3. SERVICES: Very few companies are offering services in the field of quantum technologies, so this is also a field which companies (large and not-so-large) can start eyeing, if they have a 3-5 year horizon.

4. INVESTORS: quantum technologies are a field about which you certainly do *NOT* need to inform yourself if you are a short-term investor. I expect those who are NOT short-term investors to include governments, large companies, pension funds, reinsurance and insurance companies, but also *individual* investment analysts if they expect to work, of if their investment horizon is, beyond the next 3 to 5 years

5. EXECUTIVE DEVELOPMENT: If quantum computing is not already part of your curriculum, then you are programming your organisation for obsolescence in something like 5 years. If you want to avoid such obsolescence, do ensure that you include at least the following: the basics of quantum physics, an update on the current state of development in quantum technologies, and a discussion of the implications for your company.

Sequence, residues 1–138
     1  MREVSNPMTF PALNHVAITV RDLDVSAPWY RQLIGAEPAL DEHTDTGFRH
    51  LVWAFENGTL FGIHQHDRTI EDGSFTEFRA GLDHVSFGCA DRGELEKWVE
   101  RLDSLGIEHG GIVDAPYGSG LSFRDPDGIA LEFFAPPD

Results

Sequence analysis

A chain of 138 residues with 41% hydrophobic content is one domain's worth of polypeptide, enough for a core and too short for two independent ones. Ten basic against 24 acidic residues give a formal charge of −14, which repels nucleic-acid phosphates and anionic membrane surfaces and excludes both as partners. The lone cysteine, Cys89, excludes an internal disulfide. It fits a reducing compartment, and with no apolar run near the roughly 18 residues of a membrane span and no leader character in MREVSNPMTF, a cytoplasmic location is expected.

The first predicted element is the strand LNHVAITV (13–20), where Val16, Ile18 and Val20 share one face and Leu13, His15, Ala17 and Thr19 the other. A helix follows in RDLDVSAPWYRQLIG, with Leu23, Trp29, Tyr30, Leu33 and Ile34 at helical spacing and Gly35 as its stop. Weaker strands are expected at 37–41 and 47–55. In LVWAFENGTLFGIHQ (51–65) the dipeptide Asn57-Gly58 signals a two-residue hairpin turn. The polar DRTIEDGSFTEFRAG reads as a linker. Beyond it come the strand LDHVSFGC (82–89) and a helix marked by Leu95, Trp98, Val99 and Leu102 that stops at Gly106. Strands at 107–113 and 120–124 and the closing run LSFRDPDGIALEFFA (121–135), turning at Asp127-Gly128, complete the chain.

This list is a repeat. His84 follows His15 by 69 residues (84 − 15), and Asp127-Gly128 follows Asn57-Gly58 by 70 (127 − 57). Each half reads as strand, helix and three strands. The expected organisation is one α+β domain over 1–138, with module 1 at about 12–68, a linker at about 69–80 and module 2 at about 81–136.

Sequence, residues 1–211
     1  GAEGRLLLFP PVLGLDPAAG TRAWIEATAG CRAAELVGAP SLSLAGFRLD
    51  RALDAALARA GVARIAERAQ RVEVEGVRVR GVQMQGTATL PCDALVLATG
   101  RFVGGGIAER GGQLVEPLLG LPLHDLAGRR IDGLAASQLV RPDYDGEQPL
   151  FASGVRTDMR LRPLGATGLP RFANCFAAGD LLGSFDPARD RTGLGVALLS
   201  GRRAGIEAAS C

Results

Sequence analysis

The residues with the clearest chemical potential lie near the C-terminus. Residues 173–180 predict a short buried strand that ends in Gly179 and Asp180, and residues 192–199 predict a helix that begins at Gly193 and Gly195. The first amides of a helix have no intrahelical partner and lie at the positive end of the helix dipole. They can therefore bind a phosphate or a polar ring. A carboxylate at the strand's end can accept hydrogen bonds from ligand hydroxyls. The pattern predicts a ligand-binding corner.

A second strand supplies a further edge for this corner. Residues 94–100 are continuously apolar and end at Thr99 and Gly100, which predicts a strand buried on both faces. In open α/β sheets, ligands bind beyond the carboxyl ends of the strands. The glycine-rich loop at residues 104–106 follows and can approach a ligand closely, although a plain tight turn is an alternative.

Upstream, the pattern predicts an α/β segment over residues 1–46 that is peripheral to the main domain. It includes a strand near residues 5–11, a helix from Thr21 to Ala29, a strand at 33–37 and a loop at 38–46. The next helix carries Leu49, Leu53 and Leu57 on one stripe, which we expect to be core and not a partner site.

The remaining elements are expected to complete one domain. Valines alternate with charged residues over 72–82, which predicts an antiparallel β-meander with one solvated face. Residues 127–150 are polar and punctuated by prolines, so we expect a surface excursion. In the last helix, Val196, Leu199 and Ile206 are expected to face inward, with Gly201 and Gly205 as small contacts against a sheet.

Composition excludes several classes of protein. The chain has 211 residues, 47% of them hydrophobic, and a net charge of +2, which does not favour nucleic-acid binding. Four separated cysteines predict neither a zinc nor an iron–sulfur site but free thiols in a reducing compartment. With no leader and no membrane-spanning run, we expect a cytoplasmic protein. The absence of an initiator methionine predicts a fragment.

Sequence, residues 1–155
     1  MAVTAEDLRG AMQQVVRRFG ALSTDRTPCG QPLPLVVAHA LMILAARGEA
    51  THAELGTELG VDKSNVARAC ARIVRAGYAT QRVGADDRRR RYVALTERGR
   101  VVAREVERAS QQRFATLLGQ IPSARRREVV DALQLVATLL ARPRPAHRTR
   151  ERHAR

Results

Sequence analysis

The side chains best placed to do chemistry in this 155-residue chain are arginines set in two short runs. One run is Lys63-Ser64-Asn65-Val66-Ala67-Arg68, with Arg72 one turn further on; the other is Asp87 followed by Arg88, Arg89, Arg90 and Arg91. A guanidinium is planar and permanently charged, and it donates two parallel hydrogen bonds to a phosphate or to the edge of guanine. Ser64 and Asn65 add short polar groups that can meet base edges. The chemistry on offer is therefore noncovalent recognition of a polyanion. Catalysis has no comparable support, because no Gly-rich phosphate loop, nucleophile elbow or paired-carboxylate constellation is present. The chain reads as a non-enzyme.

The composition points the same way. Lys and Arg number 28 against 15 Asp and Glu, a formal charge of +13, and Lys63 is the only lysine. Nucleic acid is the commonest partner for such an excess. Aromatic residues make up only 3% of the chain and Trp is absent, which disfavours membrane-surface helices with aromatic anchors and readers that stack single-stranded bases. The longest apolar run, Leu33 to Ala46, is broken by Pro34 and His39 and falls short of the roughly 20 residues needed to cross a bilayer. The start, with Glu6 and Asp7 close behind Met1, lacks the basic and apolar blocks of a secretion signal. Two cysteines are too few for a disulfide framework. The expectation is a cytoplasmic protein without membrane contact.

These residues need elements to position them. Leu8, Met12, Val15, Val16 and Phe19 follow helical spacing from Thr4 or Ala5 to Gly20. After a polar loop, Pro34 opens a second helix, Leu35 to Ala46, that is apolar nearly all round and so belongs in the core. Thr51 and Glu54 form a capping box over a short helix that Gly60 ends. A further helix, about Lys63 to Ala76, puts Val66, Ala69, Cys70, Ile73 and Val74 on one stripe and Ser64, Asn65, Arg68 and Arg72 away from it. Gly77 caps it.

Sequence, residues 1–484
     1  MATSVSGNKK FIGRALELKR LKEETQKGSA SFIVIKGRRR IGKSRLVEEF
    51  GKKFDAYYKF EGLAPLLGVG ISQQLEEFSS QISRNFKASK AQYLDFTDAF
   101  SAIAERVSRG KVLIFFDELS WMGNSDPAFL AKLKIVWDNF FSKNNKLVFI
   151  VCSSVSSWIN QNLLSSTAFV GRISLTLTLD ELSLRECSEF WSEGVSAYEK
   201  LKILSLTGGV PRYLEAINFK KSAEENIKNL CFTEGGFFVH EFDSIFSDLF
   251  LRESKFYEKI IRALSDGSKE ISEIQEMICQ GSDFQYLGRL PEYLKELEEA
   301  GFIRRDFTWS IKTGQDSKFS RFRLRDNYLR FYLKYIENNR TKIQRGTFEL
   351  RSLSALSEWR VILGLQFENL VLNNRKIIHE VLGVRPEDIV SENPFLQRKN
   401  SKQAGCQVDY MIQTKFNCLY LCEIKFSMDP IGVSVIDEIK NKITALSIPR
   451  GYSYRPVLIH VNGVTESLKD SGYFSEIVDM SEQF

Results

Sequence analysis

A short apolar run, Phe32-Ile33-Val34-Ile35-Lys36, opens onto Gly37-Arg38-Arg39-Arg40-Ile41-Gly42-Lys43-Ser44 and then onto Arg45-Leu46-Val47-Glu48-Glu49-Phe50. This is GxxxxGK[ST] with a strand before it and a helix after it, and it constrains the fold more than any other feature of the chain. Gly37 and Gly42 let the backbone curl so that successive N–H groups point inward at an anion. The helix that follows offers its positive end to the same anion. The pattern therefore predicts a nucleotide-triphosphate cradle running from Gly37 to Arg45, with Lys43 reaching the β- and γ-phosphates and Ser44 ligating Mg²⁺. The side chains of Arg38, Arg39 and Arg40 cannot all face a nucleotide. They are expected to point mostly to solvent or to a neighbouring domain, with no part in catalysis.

6. RECRUITMENT INTERVIEWS: Do you already establish whether ALL potential recruits (including those who are intended NOT to work in IT) are at least somewhat up to date on quantum technologies? If not, do ensure that your company trains everyone involved with recruitment for your company both in the minimum they need to know, and for the best ways of checking on the level of knowledge and awareness of potential recruits.